High Desert Test Sites , cofounded and directed by Andrea Zittel, is a nonprofit arts organization based in Joshua Tree, California. Started in 2002 by a loosely knit group of collaborators (Andrea Zittel, Andy Stillpass, John Connelly, Shaun Regen and Lisa Anne Auerbach), HDTS has since hosted the work of more than 450 artists, 11 expansive site-specific programs, and 25 solo projects.
As a conceptual entity HDTS is dedicated to “learning from what we are not” and the belief that intimately engaging with our high desert community can offer new insights and perspectives, often challenging art to take on new areas of relevancy.
To challenge traditional conventions of ownership, property, and patronage. Most projects will ultimately belong to no one and are intended to melt back into the landscape as new ones emerge.
To insert art directly into a life, a landscape, or a community where it will sink or swim based on a set of criteria beyond that of art world institutions and galleries.
To encourage art that remains in the context for which it was created - work will be born, live, and die in the same spot.
To initiate an organism in its own right-one that is bigger and richer than the vision of any single artist, architect, designer, or curator.
To create a center outside of any preexisting centers. We are inspired by individuals and groups working outside of existing cultural capitals, who are able to make intellectually rigorous and culturally relevant work in whatever location they happen to be in.
To find common ground between contemporary art and localized art issues.
To contribute to a community in which art can truly make a difference. HDTS exists in a series of communities that edge one of the largest suburban sprawls in the nation. Many of the artists who settle in this area are from larger cities, but want to live in a place where they can shape the development of their own community. For the time being, there is still a feeling in the air that if we join together we can still hold back the salmon stucco housing tracts and big box retail centers. Well maybe.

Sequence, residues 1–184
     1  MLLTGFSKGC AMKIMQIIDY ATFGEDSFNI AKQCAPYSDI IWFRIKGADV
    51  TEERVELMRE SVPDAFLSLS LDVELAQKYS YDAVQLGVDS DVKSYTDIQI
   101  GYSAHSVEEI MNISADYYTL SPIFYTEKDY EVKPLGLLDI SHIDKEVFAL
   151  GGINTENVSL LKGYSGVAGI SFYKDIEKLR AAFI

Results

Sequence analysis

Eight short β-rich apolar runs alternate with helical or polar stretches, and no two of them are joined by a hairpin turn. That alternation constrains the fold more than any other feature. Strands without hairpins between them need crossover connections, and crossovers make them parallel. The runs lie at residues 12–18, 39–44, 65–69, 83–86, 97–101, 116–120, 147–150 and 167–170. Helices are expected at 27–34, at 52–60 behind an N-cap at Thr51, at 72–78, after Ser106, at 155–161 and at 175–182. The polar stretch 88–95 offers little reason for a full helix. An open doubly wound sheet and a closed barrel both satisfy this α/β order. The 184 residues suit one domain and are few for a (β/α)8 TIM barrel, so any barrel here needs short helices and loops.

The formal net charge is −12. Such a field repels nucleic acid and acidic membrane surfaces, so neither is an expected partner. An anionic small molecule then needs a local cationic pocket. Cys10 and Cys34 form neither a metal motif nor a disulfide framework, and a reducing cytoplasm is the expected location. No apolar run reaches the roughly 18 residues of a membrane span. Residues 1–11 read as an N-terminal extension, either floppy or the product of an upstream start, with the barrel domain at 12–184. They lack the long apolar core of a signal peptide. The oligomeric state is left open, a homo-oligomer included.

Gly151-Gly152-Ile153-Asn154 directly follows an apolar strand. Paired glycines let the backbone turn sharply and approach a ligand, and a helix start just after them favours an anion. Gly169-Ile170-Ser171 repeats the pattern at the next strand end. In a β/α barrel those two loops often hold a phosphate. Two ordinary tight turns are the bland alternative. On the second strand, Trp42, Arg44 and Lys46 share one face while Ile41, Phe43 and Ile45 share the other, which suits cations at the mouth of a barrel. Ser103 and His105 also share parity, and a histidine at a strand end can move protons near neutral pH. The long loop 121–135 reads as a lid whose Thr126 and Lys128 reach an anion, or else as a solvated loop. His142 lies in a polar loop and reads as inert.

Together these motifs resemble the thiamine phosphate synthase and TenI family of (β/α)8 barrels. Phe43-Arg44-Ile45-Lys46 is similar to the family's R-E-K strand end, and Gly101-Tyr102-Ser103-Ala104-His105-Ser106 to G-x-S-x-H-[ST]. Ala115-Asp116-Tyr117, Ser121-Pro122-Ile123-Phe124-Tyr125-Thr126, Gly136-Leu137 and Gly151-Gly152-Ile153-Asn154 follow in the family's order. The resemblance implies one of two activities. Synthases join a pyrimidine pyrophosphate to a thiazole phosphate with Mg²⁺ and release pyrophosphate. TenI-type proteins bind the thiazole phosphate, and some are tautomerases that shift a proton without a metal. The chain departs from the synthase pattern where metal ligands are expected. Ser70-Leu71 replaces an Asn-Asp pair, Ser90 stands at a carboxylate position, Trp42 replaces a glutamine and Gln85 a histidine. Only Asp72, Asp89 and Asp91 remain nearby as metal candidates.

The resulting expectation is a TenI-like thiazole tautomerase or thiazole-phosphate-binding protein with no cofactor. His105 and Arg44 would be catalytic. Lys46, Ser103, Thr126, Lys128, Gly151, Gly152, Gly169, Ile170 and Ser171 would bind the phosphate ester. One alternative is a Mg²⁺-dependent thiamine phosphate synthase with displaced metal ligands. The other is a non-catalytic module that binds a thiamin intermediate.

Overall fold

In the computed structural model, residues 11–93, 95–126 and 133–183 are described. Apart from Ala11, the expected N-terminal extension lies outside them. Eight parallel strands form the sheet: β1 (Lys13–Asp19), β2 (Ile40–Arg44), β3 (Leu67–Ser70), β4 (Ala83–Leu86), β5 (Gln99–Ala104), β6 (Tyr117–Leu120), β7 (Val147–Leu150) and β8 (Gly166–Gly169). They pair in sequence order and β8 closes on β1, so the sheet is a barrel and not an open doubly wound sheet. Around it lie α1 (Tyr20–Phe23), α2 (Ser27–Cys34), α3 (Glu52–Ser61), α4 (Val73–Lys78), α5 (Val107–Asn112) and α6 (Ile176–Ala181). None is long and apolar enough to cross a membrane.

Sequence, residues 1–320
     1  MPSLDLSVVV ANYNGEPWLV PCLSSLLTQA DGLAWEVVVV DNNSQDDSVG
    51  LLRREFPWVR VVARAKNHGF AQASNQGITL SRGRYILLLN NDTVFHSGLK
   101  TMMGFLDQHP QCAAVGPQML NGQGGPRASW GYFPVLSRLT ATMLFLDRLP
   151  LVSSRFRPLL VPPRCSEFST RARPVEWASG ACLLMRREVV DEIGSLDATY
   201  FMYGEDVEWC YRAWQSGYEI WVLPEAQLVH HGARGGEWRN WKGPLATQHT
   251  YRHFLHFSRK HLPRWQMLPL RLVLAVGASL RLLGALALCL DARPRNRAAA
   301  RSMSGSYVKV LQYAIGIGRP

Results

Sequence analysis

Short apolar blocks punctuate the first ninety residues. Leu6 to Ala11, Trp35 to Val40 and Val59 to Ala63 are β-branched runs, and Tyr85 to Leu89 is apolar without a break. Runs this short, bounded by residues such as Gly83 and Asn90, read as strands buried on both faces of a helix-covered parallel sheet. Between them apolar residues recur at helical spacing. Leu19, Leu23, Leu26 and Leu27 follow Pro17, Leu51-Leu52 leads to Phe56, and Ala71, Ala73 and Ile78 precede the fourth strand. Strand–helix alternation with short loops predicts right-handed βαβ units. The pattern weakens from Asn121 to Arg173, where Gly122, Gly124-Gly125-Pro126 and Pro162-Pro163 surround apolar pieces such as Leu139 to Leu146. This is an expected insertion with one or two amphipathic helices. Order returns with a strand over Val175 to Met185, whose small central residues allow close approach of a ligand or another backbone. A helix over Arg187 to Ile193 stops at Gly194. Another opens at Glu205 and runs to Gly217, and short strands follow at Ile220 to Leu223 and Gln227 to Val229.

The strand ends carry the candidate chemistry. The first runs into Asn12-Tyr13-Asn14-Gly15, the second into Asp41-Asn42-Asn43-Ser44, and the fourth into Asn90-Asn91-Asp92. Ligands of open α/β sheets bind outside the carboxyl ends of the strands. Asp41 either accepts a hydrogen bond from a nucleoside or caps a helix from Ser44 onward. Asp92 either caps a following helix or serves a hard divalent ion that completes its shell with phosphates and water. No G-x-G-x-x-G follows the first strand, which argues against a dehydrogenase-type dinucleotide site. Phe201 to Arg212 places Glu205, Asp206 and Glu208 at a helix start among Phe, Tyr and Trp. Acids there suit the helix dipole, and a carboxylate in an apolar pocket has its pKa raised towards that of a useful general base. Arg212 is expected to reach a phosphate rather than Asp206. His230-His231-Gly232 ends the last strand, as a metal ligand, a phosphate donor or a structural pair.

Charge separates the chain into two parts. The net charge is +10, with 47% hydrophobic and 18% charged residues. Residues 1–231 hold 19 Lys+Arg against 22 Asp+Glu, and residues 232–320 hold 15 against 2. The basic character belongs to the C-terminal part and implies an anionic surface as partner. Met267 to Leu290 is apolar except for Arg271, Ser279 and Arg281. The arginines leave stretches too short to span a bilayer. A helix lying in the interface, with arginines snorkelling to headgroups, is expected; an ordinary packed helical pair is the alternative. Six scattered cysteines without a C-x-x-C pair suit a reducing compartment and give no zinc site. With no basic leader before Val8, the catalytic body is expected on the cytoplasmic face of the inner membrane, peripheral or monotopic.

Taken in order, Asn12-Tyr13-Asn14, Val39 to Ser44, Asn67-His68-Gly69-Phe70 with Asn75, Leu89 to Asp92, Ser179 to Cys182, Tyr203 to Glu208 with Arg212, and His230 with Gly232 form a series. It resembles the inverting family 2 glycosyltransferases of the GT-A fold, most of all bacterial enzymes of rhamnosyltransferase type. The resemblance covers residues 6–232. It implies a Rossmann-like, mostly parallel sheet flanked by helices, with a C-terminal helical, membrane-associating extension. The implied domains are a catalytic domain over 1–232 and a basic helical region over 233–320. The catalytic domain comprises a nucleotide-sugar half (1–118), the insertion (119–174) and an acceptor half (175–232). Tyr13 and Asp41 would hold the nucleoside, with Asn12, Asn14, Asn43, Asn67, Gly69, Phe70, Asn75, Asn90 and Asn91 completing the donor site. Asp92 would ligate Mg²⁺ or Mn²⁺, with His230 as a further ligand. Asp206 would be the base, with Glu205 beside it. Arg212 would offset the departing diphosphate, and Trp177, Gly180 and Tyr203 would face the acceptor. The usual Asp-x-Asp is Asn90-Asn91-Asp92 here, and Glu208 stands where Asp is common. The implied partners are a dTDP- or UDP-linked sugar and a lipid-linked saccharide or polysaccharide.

Who We Are
Lisa Anne Auerbach
Shaun Caley Regen
CURRENTLY ADMINISTERED BY
Vanesa Zendejas - Acting Director
Elena Yu - Programming Manager
Kristy Campbell, Emily Endo and Sydney Foreman. Thanks to Elizabeth Carr and Zena Carr at the Sky Village Swap Meet! RIP Bob Carr.
BOARD OF DIRECTORS
David Knaus - Chair
Andrea Zittel - Director Emeritus/Treasurer
Aram Moshayedi - Secretary
High Desert Test Sites is grateful to The Andy Warhol Foundation for the Visual Arts, Tides Foundation, The James Irvine Foundation - Arts Regranting Program/Inland Empire at The Community Foundation, Strengthening Inland Southern California through Philanthropy, The Foundation for Contemporary Arts, The Ranch Projects, Sky Village Swap Meet, and our generous donors for their support.
When HDTS was founded in 2002, part of the original mission was to run on zero budget and generate relevant and rigorous programming through the most efficient means. Fourteen years later, the socio-economic climate has changed—Joshua Tree has changed—and the world has changed. HDTS artists have always been resourceful, but we are increasingly aware that an important part of showcasing and supporting their work is compensating them for their time, efforts, and ideas.
Bringing our audience such programming also wouldn’t be possible without the small, paid staff who we rely on. Each event that we host requires hours of planning, managing, and communicating—from finding the right site for an artist, to sourcing volunteers, to updating our website and managing the books.
Together, along with countless dedicated volunteers, we’ve managed over the years to: